After 21 years of teaching journalism at Concordia, Catherine McMullen won’t be moving very far away. Her new office in Academy will keeps its doors open as she continues to advise the staff of The Concordian, and work on writing projects of her own.
McMullen has discovered, inspired and mentored dozens of budding careers during her time as a professor. She got her own start in journalism around her childhood dinner table.
“My dad was a journalist. He loved journalism and … every day at dinner he’d tell stories,” she said. “So while I never thought I wanted to do that … I couldn’t do anything else. Maybe it was osmosis.”
McMullen’s father was a long-time photographer for the Fargo Forum.
“I realized that writing was my strongest talent,” she said. “It sure wasn’t math. It wasn’t science. It was writing.”
McMullen got her own start at The Forum and wrote there for 13 years. It was during that time that she was approached with a teaching offer.
“When I was still working at the Forum, Scott Olsen asked me if I would be interested in teaching a journalism class,” McMullen said. “So I taught … for a couple years while I was still working at The Forum and I really liked it.”
At the time, Concordia’s journalism department consisted of the one class McMullen was teaching. She kept writing columns for The Forum during her first few years of teaching, until she was hired full-time at Concordia.
“[The class] was called: Journalism,” she chuckled. “I always called it ‘everything you wanted to know about journalism in one course.’”
“When I was cleaning out my desk drawers the other day, I came across lectures I had written in my first year of teaching. I was so unsure of myself … I actually wrote out my lectures word by word. How dreadful that must have been for the students. It’s not how we teach anymore.”
McMullen’s purpose in teaching has stayed the same over the years, despite her change in teaching style. She teaches students how to get a job.
“I thought about what got me my job at the Forum. It was a portfolio, and the portfolio came from the work I had done [at the school paper]. It seemed pretty practical. It seemed pretty obvious to me that a practical, hands-on approach … was essential.”
McMullen’s hands-on approach comes with a straightforward tone that is famous among English students at Concordia. Her mix of journalism experience and service in the military produced a no-nonsense policy in the classroom.
“Sometimes students will come in having been told that they’re pretty good writers and they probably are … then they get here and it hurts their feelings,” she said. “If you came here knowing how to do it all … you’d be teaching the class. I remember one time on a student evaluation, someone wrote that I need to tone down my personality. I didn’t even know what that meant or how to do it.”
Many of McMullen’s former students have gone on to successful journalism careers all over the world. One of McMullen’s favorite parts of being a professor is seeing students develop as writers and people during their college years, she said.
“It’s really fun to see that kind of maturing,” she said. “That’s not so much because of great teaching. Sometimes students have corresponded with me later, years after they graduate, and tell me that they were off-put by my directness but they’ve come to appreciate it.”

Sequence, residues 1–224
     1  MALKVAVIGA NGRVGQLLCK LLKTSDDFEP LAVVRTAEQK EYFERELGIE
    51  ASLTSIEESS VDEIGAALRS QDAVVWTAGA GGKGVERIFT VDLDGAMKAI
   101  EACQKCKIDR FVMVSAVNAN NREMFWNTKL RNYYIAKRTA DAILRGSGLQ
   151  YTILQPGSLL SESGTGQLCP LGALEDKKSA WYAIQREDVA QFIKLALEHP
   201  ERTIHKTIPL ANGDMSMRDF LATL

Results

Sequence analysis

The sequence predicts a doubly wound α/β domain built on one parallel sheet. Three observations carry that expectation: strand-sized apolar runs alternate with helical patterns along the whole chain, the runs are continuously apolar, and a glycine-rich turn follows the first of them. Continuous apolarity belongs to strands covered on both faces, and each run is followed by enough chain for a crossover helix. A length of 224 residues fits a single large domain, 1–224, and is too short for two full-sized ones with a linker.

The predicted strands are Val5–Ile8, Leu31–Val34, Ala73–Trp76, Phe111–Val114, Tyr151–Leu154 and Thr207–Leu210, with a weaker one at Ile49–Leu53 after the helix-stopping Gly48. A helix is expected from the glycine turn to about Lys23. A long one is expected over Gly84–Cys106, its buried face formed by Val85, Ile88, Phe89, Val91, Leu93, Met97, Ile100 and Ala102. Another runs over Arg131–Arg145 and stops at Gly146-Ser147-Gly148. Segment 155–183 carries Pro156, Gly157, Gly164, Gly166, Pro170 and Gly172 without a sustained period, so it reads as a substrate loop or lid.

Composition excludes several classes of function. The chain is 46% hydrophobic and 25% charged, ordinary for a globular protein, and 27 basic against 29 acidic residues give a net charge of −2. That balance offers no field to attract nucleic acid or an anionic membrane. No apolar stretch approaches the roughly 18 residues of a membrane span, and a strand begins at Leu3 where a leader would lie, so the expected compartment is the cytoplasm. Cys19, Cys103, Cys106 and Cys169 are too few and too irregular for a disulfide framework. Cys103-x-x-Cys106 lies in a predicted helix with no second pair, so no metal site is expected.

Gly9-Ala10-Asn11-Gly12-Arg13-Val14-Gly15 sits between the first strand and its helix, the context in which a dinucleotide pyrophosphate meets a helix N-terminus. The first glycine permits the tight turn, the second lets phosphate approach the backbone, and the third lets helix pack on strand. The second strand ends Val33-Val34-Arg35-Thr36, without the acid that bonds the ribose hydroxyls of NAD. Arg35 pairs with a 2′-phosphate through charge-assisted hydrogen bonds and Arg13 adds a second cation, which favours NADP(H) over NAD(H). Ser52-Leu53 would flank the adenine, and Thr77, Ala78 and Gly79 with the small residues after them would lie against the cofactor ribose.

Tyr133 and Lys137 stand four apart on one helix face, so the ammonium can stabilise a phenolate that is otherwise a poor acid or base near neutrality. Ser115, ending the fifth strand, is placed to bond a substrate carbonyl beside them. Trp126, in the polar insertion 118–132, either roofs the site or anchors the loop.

She keeps in touch with 30 to 40 former students, she said. Many of her former students still write and ask for advice, which flatters McMullen.
“Often people are kind enough to keep in touch with what they’re doing. Some say things along the lines of, ‘You gave me my first F on a paper ever, and you know what, I deserved it!’”
McMullen’s colleague Scott Olsen asked former students and coworkers to email him their favorite memories of her classes, and share what McMullen means to them. A manilla envelope of several dozen emails now sits on her desk in her emptying office. Each email contains stories of former students who took her advice into the professional world.
“Fake it if you’re uncomfortable; then do more research and ask more questions,” she said.
“Each story you write, you’re connecting the dots. You may have done well on the last story you wrote but this is a new story and it presents its own challenges and frustrations. Skepticism is certainly necessary but not being cynical.”
McMullen was a year or two away from retirement when the early retirement plan was offered by the college, she said. Her husband teaches agriculture at NDSU and their schedules haven’t meshed in years, so she looks forward to him joining her in retirement come January. She has a few unfinished writing projects hanging over her head that she plans to get done, along with spending more time at the family cabin.
“I won’t miss teaching on Labor Day,” she said. “I won’t miss meetings. I won’t miss assessment and I won’t miss grading. I’ll miss my good colleagues. I will miss the students, I will miss their energy … watching them improve.”
McMullen believes in her students, and will be missed dearly. Now as a former student, I can’t help but feel sorry for the journalism students to come that will never be mentored by her.
When asked how she managed to make such a deep impression on so many people, she simply said, “I don’t know. I’m not answering your question because it’s embarrassing.”